The play, language and lore of Brazilian children in the Recôncavo of Bahia
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The study records and examines the play, language of Brazilian children in the Recôncavo area of the state of Bahia in Northeast Brazil, using an ethnographic-linguistic approach based on fieldwork, there in 1973-1974. The Recôncavo is a fairly narrow strip of land surrounding the Bay of All the Saints, with its social and economic focus at Salvador, the capital of Bahia state. Play, language and lore are studied in the context of the history and social background of the Recôncavo, one of the earliest Indian-inhabited areas to be settled and colonised by the Portuguese, and one of the most densely African-populated once the Portuguese began to import negro labour to Brazil from Africa, a practice which spanned some three hundred years. Other factors examined are the continuing influences of European immigration at social levels and more recent cultural links with the United States. Children's spontaneous play and imitative behaviour are classified and discussed as far as this is possible but the writer concentrates largely on more organised games detailing and commenting on the procedures and language involved, and, where relevant, indicating parallels and similarities in European and African games, as well as indigenous customs as far as these have been recorded. To facilitate discussion and comparison these into game preliminaries, games of speed and skill, duelling games and tests of strength, games of reflex control, forfeits and guessing, pretending, make-believe and acting games, progressing through infant rhymes and recreations to sung circle games and dramatic dialogues and sketches. Language as popularly employed by children outside their games is then examined and children's riddles and their use of poetic, language are discussed in two subsequent chapters, Popular juvenile lore and the language and practices associated with it are then studied: the writer first details in chronological order a number of recurring popular festivals in which children are particularly involved and then examines occasional customs and beliefs. The terminology employed in games is listed alphabetically in an appendix with explanations in English. There is also an appendix of game, names with chapter references.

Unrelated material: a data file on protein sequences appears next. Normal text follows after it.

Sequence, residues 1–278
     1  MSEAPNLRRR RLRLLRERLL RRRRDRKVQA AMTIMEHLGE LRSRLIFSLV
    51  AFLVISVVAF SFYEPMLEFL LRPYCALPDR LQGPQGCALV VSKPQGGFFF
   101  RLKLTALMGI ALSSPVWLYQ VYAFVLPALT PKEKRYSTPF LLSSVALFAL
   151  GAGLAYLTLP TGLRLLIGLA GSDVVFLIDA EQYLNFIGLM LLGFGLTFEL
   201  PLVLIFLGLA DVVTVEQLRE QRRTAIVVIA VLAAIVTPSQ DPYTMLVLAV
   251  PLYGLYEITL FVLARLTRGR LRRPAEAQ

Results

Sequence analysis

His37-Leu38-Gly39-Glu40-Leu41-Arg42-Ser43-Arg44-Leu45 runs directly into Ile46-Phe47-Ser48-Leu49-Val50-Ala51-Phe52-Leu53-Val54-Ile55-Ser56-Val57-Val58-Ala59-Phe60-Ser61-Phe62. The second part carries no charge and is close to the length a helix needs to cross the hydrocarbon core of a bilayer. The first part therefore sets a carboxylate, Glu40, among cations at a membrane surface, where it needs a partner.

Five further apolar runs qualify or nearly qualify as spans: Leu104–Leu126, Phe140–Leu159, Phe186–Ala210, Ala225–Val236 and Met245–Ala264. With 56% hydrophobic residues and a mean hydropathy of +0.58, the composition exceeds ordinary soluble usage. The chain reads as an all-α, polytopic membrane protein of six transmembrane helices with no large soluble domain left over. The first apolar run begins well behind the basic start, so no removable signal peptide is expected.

Thesis, PhD Doctor of Philosophy
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